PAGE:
Russian pilgrims injured in Uttarakhand accident airlifted to Moscow

An Ilyushin Il-76 heavy transport airplane was used to airlift hospitalised Russian pilgrims from India. Source: Reuters / Vostok-Photo

An Ilyushin Il-76 heavy transport airplane was used to airlift hospitalised Russian pilgrims from India. Source: Reuters / Vostok-Photo

Five Hindu pilgrims who were hurt in a major accident in the Himalayas were flown in an IL-76 plane equipped with medical facilities.

A Russian Emergencies Ministry plane airlifted five Russians hurt in a road accident in the Indian state of Uttarakhand to Moscow, the Russian Emergencies Ministry spokesperson, Alexander Drobyshevsky said.

“An Il-76 plane landed at the Ramenskoye airfield near Moscow. It is equipped with three medical modules in which the patients had been placed during the flight,” he said.

Ambulances took them for treatment to Moscow clinics straight from the airfield.

A minibus with 13 Russians fell into Bhagirathi River in Uttarakhand, on June 10. All of them were Hindu pilgrims who were on a private trip to the Gangotri village, a major pilgrimage centre.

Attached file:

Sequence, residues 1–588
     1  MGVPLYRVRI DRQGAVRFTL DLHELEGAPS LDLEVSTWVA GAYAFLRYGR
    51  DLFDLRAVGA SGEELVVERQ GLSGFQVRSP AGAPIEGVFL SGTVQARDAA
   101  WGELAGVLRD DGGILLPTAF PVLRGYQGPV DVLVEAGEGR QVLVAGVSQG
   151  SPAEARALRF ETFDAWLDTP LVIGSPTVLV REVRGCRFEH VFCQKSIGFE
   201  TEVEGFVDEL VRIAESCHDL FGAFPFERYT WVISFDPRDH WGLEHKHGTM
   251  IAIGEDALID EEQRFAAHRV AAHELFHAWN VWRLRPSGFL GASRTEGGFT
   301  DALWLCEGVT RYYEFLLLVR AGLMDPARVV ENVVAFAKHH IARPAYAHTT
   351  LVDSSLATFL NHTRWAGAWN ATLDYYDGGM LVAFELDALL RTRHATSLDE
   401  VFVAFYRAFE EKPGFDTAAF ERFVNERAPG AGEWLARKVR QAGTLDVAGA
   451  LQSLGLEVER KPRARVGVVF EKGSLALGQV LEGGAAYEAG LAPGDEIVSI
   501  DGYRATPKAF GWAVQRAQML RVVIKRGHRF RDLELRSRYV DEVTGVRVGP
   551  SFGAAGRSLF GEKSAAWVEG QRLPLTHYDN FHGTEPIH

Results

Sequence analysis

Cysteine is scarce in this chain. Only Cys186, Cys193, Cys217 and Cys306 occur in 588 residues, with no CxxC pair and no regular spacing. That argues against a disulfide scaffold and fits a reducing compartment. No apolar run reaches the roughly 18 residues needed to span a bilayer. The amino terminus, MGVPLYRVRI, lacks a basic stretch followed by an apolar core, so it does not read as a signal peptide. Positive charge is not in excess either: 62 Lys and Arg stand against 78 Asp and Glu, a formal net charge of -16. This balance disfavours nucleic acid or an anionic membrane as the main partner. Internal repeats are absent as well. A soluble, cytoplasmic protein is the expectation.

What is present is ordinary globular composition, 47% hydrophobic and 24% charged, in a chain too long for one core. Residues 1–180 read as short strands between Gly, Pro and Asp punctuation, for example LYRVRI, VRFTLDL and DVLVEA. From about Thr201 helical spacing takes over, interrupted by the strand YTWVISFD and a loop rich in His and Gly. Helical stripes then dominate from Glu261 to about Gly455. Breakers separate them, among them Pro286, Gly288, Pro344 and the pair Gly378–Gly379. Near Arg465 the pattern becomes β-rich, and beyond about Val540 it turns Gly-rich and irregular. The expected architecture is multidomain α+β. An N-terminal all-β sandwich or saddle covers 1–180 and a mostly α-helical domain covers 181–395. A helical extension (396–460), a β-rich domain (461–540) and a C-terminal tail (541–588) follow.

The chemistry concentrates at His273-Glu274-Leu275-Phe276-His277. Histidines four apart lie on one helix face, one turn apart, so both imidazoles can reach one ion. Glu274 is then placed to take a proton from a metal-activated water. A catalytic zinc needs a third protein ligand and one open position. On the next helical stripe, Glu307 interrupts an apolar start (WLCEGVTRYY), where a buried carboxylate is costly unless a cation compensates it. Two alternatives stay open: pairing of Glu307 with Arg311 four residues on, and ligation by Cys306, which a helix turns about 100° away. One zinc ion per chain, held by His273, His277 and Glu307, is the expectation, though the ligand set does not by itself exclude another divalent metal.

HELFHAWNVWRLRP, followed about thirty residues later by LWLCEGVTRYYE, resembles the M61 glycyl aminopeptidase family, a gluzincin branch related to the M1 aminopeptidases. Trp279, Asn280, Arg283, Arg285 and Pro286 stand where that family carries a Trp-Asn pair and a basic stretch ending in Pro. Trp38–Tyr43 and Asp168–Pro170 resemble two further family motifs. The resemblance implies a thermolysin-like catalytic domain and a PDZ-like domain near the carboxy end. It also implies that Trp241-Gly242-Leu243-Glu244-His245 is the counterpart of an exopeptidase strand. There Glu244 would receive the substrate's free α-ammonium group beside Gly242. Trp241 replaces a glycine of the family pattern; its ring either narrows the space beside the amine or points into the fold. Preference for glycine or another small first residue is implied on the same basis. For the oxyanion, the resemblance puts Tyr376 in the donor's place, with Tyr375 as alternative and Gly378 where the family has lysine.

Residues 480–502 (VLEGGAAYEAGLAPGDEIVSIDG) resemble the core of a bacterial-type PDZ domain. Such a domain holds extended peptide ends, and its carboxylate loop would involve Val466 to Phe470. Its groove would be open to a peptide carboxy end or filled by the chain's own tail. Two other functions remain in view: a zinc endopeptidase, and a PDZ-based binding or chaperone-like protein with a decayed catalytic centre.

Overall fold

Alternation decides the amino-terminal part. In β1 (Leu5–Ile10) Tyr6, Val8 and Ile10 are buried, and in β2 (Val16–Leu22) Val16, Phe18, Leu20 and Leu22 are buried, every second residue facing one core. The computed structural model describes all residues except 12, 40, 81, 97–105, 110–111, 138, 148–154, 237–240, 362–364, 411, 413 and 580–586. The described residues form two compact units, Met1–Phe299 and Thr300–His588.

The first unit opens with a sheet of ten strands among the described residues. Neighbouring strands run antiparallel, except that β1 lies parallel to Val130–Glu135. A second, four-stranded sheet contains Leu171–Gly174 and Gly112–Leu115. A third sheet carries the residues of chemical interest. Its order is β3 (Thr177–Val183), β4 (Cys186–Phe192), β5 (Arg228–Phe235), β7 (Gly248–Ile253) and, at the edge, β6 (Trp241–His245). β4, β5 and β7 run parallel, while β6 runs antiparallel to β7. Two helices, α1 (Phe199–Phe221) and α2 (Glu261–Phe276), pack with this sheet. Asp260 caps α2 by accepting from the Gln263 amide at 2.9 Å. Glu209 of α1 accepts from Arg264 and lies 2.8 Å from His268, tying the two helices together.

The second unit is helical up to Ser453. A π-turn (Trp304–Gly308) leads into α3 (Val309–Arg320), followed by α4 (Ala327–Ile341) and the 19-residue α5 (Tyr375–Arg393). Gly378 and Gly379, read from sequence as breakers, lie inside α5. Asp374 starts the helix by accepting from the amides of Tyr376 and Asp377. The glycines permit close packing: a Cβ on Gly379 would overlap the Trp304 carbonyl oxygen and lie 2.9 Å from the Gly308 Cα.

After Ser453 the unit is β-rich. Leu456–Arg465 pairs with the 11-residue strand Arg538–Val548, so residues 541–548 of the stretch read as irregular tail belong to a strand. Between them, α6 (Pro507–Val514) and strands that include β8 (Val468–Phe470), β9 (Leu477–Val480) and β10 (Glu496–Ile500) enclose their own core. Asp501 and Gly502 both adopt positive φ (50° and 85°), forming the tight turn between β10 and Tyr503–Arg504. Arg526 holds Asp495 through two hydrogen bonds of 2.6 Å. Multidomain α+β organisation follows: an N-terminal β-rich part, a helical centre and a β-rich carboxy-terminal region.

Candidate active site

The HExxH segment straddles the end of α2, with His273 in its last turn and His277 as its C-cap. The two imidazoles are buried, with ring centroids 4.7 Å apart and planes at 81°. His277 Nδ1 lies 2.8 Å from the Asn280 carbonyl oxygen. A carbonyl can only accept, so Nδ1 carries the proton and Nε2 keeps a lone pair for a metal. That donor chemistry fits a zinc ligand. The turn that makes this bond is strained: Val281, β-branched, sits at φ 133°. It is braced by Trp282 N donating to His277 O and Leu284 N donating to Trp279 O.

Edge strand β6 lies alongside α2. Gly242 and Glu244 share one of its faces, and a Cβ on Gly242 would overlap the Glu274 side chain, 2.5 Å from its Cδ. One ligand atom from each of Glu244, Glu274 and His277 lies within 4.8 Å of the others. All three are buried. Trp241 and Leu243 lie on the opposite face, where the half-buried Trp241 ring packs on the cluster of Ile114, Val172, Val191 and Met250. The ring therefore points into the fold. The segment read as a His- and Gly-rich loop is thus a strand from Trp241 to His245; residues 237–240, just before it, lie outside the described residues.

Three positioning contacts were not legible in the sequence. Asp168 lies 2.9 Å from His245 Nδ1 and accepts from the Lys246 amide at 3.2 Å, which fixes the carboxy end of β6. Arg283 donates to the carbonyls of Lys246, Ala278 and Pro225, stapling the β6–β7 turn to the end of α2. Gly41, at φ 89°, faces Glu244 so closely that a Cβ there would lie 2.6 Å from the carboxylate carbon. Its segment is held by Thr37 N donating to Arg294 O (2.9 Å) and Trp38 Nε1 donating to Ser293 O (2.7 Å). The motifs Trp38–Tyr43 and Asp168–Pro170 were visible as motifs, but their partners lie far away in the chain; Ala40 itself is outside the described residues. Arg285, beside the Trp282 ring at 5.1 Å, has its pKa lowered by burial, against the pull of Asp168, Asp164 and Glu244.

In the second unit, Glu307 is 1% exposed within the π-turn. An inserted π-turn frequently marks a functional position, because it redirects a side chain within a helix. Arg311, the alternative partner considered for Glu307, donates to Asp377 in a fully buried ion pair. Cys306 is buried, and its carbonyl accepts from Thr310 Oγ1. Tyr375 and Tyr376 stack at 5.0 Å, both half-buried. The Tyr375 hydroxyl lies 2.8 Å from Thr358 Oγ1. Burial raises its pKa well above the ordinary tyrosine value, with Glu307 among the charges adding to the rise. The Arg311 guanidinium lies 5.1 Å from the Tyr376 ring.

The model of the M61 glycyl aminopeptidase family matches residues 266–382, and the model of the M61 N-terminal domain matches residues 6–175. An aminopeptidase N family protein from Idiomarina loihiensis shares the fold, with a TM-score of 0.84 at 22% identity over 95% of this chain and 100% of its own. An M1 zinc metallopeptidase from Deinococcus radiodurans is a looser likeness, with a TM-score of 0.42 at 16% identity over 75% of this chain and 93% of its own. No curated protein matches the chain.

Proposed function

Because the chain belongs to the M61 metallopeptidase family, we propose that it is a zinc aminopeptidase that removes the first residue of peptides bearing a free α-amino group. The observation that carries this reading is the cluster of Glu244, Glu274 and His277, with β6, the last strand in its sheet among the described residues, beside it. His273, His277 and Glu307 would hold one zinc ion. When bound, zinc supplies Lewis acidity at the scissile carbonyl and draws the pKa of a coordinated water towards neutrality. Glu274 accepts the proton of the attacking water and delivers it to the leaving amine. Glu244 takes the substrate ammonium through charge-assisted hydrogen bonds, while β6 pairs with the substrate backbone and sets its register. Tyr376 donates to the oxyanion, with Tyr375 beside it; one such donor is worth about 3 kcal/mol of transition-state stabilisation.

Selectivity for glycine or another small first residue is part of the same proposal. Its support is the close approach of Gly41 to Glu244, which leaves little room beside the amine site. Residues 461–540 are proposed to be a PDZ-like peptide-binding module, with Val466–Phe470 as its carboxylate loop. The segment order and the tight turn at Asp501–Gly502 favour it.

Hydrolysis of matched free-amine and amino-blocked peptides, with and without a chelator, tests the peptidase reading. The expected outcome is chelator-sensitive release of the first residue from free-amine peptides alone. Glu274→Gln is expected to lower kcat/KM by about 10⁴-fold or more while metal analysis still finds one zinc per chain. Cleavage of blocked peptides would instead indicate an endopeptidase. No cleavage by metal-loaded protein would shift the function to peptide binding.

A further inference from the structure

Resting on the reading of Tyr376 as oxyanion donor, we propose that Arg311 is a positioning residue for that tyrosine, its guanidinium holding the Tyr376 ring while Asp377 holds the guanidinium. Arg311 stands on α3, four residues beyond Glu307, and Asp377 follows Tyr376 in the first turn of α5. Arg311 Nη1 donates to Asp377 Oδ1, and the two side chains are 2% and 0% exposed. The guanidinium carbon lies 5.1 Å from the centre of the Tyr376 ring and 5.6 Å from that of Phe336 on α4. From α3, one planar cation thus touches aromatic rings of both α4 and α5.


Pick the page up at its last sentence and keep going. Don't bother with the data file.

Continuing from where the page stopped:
Two Russians, a man and a woman, died in the accident. One person is still missing. Four pilgrims refused to go to hospital and continued their trip. Another Russian woman has returned home by a regular flight.

The Indian authorities swung into action immediately after they were told about the accident by the state government.  Soon after the incident, on the request of the Indian Ministry of External Affairs, officials from the Defence Ministry reached the spot and supervised rescue operations.  The injured Russians were first swiftly taken to Jollygrant hospital in Dehradun, the capital of Uttarakhand on helicopters and then to New Delhi by a special Indian Air Force flight. In the capital, they were admitted for treatment in a super-speciality hospital.

During his visit to New Delhi last month, Russian Deputy Prime Minister personally thanked Indian Prime Minister Narendra Modi for the swift rescue operation.

Last year, the state of Uttarakhand was hit by devastating floods, which claimed the lives of at least 5,700, according to official figures.  The numbers are believed to be much higher. The Indian armed forces evacuated more than 110,000 people from the state.  Environmentalists said roads constructed in haphazard style, new resorts and hotels built on fragile river banks and more than 70 hydroelectric projects in the watersheds of the state led to the disaster.

There was no official warning from either the Indian or Russian authorities to avoid travelling in the region, but road safety in India’s mountainous states remains a major concern with a large number of private companies operating tourist buses at night in the states of Uttarakhand and Himachal Pradesh. 

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